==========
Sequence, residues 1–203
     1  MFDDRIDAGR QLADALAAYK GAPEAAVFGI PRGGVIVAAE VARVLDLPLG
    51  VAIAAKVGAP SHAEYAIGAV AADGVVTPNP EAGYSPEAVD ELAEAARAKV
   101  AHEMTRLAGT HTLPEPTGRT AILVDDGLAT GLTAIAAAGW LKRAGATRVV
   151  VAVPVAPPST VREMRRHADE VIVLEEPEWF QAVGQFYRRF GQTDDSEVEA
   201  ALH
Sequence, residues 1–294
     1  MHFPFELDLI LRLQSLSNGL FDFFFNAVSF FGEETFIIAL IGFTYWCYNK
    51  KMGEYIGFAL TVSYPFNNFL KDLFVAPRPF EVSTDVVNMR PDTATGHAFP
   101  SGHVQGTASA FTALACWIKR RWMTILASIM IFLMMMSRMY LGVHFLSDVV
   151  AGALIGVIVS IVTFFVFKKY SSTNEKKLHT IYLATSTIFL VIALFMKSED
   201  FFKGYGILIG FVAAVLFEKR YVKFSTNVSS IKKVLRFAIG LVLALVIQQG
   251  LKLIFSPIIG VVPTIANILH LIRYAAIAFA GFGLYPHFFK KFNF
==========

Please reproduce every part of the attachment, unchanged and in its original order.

Sequence, residues 1–203
     1  MFDDRIDAGR QLADALAAYK GAPEAAVFGI PRGGVIVAAE VARVLDLPLG
    51  VAIAAKVGAP SHAEYAIGAV AADGVVTPNP EAGYSPEAVD ELAEAARAKV
   101  AHEMTRLAGT HTLPEPTGRT AILVDDGLAT GLTAIAAAGW LKRAGATRVV
   151  VAVPVAPPST VREMRRHADE VIVLEEPEWF QAVGQFYRRF GQTDDSEVEA
   201  ALH
Sequence, residues 1–294
     1  MHFPFELDLI LRLQSLSNGL FDFFFNAVSF FGEETFIIAL IGFTYWCYNK
    51  KMGEYIGFAL TVSYPFNNFL KDLFVAPRPF EVSTDVVNMR PDTATGHAFP
   101  SGHVQGTASA FTALACWIKR RWMTILASIM IFLMMMSRMY LGVHFLSDVV
   151  AGALIGVIVS IVTFFVFKKY SSTNEKKLHT IYLATSTIFL VIALFMKSED
   201  FFKGYGILIG FVAAVLFEKR YVKFSTNVSS IKKVLRFAIG LVLALVIQQG
   251  LKLIFSPIIG VVPTIANILH LIRYAAIAFA GFGLYPHFFK KFNF